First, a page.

Municipal bank feasibility study says “theoretically yes, but realistically no”

At the beginning of 2018 the City of Seattle commissioned a study to look at the feasibility of creating a municipal bank. Those study results were released yesterday.  It says that in theory the city could create its own bank, but there are significant legal, logistical, regulatory and financial challenges to doing so.

A bit of history: early last year, the City Council passed a resolution stating that it was cutting ties with Wells Fargo Bank, its banking services provider, over its well-publicized corrupt practices and its ties to environmentally unsound projects such as the Dakota Access Pipeline. The city then issued an RFP to replace Wells Fargo with another bank, but it received no responses to the RFP despite breaking it up into several modules to try to attract more bidders. So the city then crawled back to Wells Fargo and asked to stay on as a customer of the bank. That is also when it commissioned the study of forming its own municipal bank.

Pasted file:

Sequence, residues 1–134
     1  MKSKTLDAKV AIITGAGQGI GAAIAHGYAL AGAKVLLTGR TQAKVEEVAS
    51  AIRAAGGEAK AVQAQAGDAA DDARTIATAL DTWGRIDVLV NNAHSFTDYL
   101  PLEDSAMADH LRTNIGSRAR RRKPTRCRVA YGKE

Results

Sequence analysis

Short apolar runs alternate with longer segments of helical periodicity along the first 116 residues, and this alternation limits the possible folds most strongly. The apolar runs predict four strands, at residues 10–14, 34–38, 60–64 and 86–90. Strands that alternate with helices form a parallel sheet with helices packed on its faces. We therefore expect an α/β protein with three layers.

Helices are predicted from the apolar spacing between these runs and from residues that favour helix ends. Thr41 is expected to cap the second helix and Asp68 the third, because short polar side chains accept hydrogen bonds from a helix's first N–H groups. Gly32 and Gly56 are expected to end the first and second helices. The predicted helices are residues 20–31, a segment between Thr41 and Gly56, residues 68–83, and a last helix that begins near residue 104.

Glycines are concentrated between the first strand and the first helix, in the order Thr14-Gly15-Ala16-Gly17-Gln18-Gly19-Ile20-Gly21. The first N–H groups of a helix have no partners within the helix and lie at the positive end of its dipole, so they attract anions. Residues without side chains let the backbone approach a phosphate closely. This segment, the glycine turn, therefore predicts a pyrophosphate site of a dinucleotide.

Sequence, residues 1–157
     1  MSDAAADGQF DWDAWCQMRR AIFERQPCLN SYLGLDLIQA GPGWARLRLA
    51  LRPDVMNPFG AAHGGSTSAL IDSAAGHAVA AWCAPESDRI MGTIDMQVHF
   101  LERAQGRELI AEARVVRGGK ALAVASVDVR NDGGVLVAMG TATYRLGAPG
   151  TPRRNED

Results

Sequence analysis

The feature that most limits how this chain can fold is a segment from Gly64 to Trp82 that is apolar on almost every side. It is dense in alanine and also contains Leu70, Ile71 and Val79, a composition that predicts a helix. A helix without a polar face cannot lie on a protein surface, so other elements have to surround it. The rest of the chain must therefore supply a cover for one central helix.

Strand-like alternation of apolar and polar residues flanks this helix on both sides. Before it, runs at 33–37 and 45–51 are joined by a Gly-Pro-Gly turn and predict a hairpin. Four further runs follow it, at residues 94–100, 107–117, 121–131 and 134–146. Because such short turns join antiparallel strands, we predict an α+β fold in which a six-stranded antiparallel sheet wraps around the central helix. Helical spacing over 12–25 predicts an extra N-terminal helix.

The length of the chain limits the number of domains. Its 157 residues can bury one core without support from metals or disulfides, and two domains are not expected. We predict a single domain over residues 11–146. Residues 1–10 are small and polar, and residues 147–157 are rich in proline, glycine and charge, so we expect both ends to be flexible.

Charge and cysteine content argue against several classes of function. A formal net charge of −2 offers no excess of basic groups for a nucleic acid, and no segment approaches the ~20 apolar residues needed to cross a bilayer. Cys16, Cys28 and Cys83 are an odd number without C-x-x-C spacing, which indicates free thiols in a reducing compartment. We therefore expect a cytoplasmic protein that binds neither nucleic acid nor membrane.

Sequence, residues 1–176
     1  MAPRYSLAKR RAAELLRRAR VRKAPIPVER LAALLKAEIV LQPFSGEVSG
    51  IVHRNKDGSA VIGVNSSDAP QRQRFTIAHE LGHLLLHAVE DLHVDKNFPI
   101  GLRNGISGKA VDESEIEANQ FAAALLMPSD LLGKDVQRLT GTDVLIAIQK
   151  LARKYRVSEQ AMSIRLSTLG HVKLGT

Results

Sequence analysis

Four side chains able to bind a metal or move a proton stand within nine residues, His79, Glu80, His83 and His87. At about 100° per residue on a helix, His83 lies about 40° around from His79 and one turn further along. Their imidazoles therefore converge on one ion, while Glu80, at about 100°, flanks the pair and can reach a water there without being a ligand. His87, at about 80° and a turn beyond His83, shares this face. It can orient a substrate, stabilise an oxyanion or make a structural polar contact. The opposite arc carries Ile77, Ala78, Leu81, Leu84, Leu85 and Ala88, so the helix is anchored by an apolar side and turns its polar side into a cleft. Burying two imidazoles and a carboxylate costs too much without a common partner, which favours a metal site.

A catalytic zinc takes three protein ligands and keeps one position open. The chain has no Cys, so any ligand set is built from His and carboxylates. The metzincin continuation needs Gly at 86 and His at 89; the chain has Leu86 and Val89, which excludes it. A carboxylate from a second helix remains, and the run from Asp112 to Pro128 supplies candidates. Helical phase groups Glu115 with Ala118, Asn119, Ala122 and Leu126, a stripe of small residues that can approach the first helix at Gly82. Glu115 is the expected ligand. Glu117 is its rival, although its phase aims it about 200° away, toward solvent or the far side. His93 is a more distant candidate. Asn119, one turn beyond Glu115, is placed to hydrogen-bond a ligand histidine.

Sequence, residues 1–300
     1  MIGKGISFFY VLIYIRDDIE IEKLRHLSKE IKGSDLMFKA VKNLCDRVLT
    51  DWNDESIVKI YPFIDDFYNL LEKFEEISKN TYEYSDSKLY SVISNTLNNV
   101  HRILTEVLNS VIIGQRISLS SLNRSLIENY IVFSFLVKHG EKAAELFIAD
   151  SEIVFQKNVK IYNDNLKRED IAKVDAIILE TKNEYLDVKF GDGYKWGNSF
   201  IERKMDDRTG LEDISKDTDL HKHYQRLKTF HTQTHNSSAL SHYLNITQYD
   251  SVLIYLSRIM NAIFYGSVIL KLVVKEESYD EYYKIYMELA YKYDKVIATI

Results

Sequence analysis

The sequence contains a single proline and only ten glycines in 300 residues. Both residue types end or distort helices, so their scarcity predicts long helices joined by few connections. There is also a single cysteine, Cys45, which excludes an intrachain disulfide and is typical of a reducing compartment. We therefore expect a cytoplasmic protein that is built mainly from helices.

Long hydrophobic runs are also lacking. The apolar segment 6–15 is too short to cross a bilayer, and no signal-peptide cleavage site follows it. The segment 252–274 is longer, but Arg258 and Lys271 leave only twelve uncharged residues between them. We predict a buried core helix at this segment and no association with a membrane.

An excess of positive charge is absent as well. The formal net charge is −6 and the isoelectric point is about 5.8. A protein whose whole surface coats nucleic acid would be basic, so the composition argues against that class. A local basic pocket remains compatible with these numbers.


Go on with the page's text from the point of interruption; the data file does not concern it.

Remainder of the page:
HR&A Advisors, the company that did the municipal bank study, spoke to local bankers to understand why the city’s RFP generated no responses:

Conversations with local bankers suggest that the lack of responses
resulted from the demands of the City’s banking activity, the challenge of responding to each module separately, and stringent requirements such as an “Outstanding” Community Reinvestment Act (CRA) rating.

HR&A notes that only two banks in Washington state currently have “outstanding” CRA ratings: Community First Bank in Kennewick and Farmington State Bank in Farmington, both based in rural eastern Washington.

The city has two goals for forming its own municipal bank:

  1. Independence from the questionable business practices of Wells Fargo and other large financial corporations in how it manages its own money;